It would probably be more like Traveller: New Era meets ACKS than Deathwatch or Dark Heresy.
I have a love/hate relationship with a lot of the 40k universe. On the one hand, I quite like the "everyone dies" aesthetic, the laughter of uncaring gods, Space Hulk, the Ravenor trilogy, the tyranids, Mechanicus, Inquisition, and the doom of the eldar. On the other hand, there are the space marines, the tau, the ecclesiarchy, the rogue traders (who always felt a little too free for such an unfree world), and those goddamn orks. Further, for an empire where much technology is lost and forgotten, there always seems to be an abundance of powered armor, plasma weapons, and other fancy gizmos fit for cracking tanks or continents. These combined always made the prospect of running an RPG in the 40k universe somewhat offputting.
Well, says I to myself late last night, we can fix that.
Consider, for a moment, what happens to the 40k universe if, one day, the Astronomican goes out, permanently. Imperial ships in the warp at the time are lost, and further long-range interstellar travel becomes an impossibility. Military campaigns on ten thousand worlds grind to a halt for lack of resupply, and the units abandoned there must either go guerrilla, make peace, or be slaughtered. Many hive worlds, reliant on imported foodstuffs for their sustenance, suffer starvation, unrest, and descent into anarchy. The enemies of man, still capable of interstellar travel by their usual means, go on the offensive, bypassing strongpoints where Imperial units remain active, and conquering ripe, undefended worlds with little effort.
The space marines, scattered across the galaxy in forces as small as platoons, must reintegrate into human society, becoming leaders of men. Bolter ammunition, already scarce, becomes vanishingly rare, and powered armor, lacking spare parts and untended by the ministrations of the techmarines, falls into disrepair. The homeworlds of the various chapters, such as Fenris, Nocturne, and Macragge, continue recruiting, impanting, and training more marines of their chapters, but most worlds with space marine deployments lack the specialized medical infrastructure for the growth of implants from the gene-seed. On those worlds, the marines tend to form long-lived military juntas, which provide a gateway into stable, moral governments backed by tempered force.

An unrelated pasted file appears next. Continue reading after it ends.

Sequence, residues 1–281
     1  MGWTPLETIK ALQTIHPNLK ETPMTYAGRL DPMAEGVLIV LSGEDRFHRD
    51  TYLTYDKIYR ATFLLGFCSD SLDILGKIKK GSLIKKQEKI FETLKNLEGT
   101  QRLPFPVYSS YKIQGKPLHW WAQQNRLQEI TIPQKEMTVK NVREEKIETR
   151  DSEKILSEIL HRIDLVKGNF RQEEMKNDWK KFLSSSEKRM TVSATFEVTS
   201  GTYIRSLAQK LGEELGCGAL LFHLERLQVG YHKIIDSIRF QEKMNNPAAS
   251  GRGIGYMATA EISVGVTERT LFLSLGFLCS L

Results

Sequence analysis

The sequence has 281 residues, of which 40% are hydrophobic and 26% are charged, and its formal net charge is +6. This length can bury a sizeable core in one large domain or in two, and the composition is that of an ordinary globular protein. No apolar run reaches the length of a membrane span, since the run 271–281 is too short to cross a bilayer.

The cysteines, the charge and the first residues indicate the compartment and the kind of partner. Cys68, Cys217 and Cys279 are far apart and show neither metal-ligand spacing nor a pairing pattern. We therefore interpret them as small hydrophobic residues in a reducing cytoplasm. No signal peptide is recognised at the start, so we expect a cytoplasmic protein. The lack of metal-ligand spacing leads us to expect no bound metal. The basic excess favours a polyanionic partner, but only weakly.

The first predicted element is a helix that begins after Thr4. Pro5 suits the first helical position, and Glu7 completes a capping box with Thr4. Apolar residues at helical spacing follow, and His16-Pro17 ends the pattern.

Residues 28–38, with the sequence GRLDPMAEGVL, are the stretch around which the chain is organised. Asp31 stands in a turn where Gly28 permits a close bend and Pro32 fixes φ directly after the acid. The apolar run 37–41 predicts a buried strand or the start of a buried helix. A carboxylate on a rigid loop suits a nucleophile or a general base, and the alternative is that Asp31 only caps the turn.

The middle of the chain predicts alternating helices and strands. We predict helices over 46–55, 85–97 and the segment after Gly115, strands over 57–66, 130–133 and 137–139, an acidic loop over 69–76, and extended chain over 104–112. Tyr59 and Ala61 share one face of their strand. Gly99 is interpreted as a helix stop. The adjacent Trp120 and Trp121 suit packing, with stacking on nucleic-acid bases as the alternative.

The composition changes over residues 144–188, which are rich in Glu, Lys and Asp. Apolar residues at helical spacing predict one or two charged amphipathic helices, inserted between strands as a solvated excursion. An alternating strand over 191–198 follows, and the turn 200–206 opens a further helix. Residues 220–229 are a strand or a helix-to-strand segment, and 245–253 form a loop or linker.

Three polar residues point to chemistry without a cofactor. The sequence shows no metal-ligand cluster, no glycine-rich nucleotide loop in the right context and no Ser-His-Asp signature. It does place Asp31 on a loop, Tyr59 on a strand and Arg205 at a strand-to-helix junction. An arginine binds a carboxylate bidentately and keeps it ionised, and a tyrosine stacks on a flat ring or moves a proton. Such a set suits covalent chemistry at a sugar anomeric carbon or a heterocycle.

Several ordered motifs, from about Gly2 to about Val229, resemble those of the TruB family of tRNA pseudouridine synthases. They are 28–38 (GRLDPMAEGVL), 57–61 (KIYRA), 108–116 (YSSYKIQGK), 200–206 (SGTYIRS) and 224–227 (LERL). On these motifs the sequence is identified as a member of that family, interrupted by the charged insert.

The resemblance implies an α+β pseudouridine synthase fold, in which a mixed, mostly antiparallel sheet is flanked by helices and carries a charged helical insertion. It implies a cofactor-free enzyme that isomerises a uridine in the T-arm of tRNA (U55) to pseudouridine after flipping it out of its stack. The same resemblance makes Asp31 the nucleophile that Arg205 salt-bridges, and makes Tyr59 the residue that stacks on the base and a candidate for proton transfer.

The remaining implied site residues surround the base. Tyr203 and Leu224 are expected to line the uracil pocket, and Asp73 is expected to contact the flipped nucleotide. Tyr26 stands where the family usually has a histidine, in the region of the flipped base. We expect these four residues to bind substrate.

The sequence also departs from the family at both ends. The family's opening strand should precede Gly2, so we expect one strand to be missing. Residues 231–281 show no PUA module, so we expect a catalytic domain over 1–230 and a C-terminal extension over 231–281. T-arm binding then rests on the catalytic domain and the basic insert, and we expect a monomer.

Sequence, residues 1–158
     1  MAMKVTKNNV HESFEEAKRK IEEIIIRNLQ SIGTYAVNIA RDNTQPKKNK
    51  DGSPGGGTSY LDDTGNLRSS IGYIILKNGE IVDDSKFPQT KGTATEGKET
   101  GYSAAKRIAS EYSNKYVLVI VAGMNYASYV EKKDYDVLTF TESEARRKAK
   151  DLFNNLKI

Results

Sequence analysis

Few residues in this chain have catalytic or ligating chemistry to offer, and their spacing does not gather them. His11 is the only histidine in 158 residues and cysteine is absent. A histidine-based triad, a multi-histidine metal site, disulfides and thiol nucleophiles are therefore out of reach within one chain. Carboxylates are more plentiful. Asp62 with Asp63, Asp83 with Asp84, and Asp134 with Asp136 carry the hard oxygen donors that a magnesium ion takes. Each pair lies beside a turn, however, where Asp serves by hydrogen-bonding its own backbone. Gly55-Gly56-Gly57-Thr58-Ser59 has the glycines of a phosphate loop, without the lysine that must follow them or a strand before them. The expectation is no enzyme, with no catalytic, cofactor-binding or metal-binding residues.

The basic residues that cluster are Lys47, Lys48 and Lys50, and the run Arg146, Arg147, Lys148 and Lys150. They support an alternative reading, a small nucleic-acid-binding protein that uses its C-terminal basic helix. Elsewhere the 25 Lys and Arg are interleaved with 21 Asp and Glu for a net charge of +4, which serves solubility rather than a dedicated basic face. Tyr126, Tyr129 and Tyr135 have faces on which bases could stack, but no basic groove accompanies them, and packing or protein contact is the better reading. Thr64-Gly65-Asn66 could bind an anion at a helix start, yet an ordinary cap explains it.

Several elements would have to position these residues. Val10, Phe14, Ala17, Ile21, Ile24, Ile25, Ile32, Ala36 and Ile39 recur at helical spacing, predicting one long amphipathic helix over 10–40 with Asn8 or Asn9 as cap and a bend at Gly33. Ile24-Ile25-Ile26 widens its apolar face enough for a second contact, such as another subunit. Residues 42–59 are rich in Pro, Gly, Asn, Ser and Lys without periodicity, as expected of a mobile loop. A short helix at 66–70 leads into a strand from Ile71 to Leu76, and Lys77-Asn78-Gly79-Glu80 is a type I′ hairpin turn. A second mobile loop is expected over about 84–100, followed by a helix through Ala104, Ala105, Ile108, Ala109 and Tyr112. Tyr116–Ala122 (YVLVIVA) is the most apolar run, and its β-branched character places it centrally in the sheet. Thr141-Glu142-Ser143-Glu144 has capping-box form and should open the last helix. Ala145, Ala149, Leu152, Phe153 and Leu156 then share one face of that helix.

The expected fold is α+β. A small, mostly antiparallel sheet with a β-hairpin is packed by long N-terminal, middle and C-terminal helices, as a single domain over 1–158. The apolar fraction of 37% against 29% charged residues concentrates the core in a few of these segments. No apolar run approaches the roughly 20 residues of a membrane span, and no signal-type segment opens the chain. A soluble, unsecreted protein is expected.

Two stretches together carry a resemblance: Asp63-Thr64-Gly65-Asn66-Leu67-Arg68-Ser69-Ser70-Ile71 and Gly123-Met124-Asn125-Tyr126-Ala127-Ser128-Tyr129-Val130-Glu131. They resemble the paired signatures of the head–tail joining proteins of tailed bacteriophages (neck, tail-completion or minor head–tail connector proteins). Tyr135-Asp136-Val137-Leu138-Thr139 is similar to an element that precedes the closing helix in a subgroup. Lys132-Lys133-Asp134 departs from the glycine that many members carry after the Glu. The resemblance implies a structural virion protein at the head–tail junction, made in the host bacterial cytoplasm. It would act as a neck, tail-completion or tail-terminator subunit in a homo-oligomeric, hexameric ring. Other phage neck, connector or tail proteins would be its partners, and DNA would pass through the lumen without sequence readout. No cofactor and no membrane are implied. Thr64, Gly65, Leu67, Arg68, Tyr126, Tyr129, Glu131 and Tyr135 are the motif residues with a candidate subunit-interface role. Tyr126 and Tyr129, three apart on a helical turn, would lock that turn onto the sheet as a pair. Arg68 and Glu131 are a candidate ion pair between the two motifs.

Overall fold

On many worlds, the Ecclesiarchy remains in power for some time, holding forth with the doctrine that the faith of the people is being tested. They are supported by the astropath network, providing news and maintaining mankind as a single culture. As years pass, however, the astropaths begin to die off (and new ones cannot be taken to Earth to be soulbound), and salvation seems less and less imminent; many planets rebel and overthrow their religious rulers. Most of these insurrections fall to chaotic influence, but some, perhaps, are successful, staving off corruption under the watchful eyes of former inquisitorial agents with little love for the zeal of the Ecclesiarchs.
The Forge Worlds, too, weather the transition relatively well, with the beliefs of the Cult Mechanicus unshaken and its power largely intact. Many, however, suffer from resource exhaustion, turning to desolate anarchic wastelands a la the Road Warrior, and without safeguards against chaos, more still fall to the lure of dark sciences. The forge worlds are likewise juicy targets for the enemies of mankind, for while they maintain their Skitarii fighting forces, they are rich in technological plunder. Some, however, endure, arming themselves and stewarding their resources while their best minds seek a safer means of FTL travel.
And so it is that, a few generations after the collapse of the Empire, on one of these stable worlds, PCs appear. Foolish young souls with a penchant for adventure, an eye for profit, the cojones to explore a drifting space hulk, and a dream of distant stars...